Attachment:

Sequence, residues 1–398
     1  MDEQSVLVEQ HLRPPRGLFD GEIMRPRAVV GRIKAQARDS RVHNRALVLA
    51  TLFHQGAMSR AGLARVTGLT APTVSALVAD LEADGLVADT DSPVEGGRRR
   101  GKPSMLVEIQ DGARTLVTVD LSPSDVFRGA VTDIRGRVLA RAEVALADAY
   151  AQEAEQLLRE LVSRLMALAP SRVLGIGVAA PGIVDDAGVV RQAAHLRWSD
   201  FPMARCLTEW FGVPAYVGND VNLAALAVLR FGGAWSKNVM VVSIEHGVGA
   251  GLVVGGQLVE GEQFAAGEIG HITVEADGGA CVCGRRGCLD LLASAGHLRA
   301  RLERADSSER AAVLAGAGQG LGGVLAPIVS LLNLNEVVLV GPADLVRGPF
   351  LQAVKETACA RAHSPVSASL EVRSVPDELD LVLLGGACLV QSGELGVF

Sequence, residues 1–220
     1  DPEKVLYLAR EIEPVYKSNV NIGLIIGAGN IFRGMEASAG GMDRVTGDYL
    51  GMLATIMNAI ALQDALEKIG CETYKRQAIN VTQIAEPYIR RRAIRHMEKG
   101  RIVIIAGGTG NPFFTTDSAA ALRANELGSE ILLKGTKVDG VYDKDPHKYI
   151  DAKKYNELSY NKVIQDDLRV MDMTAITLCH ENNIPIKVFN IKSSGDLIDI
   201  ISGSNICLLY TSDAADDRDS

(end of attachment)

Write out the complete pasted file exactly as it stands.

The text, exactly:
Sequence, residues 1–398
     1  MDEQSVLVEQ HLRPPRGLFD GEIMRPRAVV GRIKAQARDS RVHNRALVLA
    51  TLFHQGAMSR AGLARVTGLT APTVSALVAD LEADGLVADT DSPVEGGRRR
   101  GKPSMLVEIQ DGARTLVTVD LSPSDVFRGA VTDIRGRVLA RAEVALADAY
   151  AQEAEQLLRE LVSRLMALAP SRVLGIGVAA PGIVDDAGVV RQAAHLRWSD
   201  FPMARCLTEW FGVPAYVGND VNLAALAVLR FGGAWSKNVM VVSIEHGVGA
   251  GLVVGGQLVE GEQFAAGEIG HITVEADGGA CVCGRRGCLD LLASAGHLRA
   301  RLERADSSER AAVLAGAGQG LGGVLAPIVS LLNLNEVVLV GPADLVRGPF
   351  LQAVKETACA RAHSPVSASL EVRSVPDELD LVLLGGACLV QSGELGVF

Sequence, residues 1–220
     1  DPEKVLYLAR EIEPVYKSNV NIGLIIGAGN IFRGMEASAG GMDRVTGDYL
    51  GMLATIMNAI ALQDALEKIG CETYKRQAIN VTQIAEPYIR RRAIRHMEKG
   101  RIVIIAGGTG NPFFTTDSAA ALRANELGSE ILLKGTKVDG VYDKDPHKYI
   151  DAKKYNELSY NKVIQDDLRV MDMTAITLCH ENNIPIKVFN IKSSGDLIDI
   201  ISGSNICLLY TSDAADDRDS